Workers' Comp for Auto Shops
Getting workers' comp coverage is as easy as pie.
Find coverage that fits. Save up to 30% on workers’ comp.
Take back your time. Get a quote online in 3 minutes.
Go with confidence. Pie is rated Excellent by TrustPilot.
Why do auto shop workers need workers' comp insurance?
Auto shop workers, including mechanics, may be easily injured in their workplaces and should carry appropriate insurance coverage in case of accidents. Workers’ compensation, sometimes called workers’ comp or workman’s comp, can help cover medical fees and lost wages for auto-work-related injuries.
Not only is workers’ comp coverage legally required for almost all auto shop businesses with employees‚ but it also helps provide protection for the business by reducing its financial risk. For every dollar spent on a workers’ comp claim, $5 are spent in indirect costs—such as lost productivity, hiring and retraining mechanics and auto workers, and replacing or repairing damaged equipment.
The most common injuries experienced by employees working in auto shops are:
– Repetitive stress injuries
– Slipping, tripping, falls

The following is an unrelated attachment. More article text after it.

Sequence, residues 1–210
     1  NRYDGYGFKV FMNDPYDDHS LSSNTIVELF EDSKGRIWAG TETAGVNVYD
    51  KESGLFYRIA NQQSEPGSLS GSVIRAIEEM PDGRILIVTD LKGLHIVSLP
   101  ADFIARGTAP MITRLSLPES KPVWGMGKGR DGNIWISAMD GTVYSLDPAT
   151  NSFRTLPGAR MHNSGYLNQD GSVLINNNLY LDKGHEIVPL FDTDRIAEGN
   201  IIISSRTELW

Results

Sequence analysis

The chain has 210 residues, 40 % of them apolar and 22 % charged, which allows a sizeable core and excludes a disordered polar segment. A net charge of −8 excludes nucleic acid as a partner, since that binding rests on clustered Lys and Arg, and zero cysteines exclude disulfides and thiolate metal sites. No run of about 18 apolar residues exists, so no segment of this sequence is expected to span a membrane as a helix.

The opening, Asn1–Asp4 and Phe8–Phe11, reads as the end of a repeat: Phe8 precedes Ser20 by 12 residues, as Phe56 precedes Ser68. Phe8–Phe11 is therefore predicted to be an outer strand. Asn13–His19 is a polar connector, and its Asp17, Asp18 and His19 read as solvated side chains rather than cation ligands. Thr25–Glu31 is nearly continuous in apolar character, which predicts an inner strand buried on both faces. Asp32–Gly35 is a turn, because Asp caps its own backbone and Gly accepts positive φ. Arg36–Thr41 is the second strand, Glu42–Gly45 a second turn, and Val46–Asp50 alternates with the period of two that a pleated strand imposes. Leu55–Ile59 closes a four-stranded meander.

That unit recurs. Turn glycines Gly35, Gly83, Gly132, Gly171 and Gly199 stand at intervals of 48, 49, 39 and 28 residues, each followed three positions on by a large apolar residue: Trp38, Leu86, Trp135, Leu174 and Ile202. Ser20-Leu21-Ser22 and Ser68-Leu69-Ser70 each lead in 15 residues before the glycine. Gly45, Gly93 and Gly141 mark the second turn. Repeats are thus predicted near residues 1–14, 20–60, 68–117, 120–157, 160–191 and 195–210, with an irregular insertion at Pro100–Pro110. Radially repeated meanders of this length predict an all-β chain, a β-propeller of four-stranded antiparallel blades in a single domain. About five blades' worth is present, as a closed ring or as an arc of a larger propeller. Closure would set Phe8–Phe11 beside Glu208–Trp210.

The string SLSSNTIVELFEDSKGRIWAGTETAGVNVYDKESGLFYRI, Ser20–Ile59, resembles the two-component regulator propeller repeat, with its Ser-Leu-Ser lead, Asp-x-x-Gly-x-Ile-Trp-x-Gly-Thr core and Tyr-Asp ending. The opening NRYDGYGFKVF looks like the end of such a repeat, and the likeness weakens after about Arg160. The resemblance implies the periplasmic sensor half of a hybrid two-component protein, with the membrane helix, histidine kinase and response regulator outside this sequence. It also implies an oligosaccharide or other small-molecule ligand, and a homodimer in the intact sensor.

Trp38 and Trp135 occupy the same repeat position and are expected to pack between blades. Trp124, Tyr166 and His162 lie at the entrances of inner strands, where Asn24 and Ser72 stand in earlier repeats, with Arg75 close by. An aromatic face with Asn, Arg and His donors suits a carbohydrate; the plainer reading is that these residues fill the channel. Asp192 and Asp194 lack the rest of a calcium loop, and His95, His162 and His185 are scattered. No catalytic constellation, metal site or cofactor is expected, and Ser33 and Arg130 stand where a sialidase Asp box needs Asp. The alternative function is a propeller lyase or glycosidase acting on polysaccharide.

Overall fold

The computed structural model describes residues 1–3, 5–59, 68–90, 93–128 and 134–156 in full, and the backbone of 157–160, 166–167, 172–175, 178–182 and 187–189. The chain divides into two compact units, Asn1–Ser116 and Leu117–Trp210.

– Chemical burns
Learn more about how workers’ compensation insurance can help protect auto shop workers and their employers.
Over 80% of small businesses overpay for workers' comp coverage.
What does workers' compensation insurance cover?
Workers’ compensation insurance helps provide medical, rehabilitation, and disability benefits for auto shop workers who become injured as a direct result of their job. Workers’ comp may also pay death benefits to an employee’s dependents if the mechanic or auto worker is killed in a work-related incident.
In addition to helping auto shop employees and their families, workers’ compensation insurance can also help protect auto shop business owners. Workers’ compensation helps protect auto businesses from liability for employees’ workplace injuries, and it helps keep employers from having to pay directly out of pocket for those injuries. This coverage may reduce the risk of a significant financial loss if an auto shop worker is harmed while performing work duties.
Depending on the laws in your state, to be considered compensable and therefore eligible for workers’ compensation, auto shop worker injuries must:
have happened to an auto shop employee (not a vendor or independent contractor),
be the result of an auto workplace injury or illness during employment, and
cause impairment and/or lost wages.
What are relevant types of class codes?
When you’re ready to start your 3-minute quote, you’ll need to know your auto shop business’s class code.
A class code is assigned by the National Council of Compensation Insurance (NCCI) or by state agencies—and is created based on the activities and risk level the work requires.
There are many different workers’ comp class codes within the auto industry. Below are a few of the most common class codes in the industry.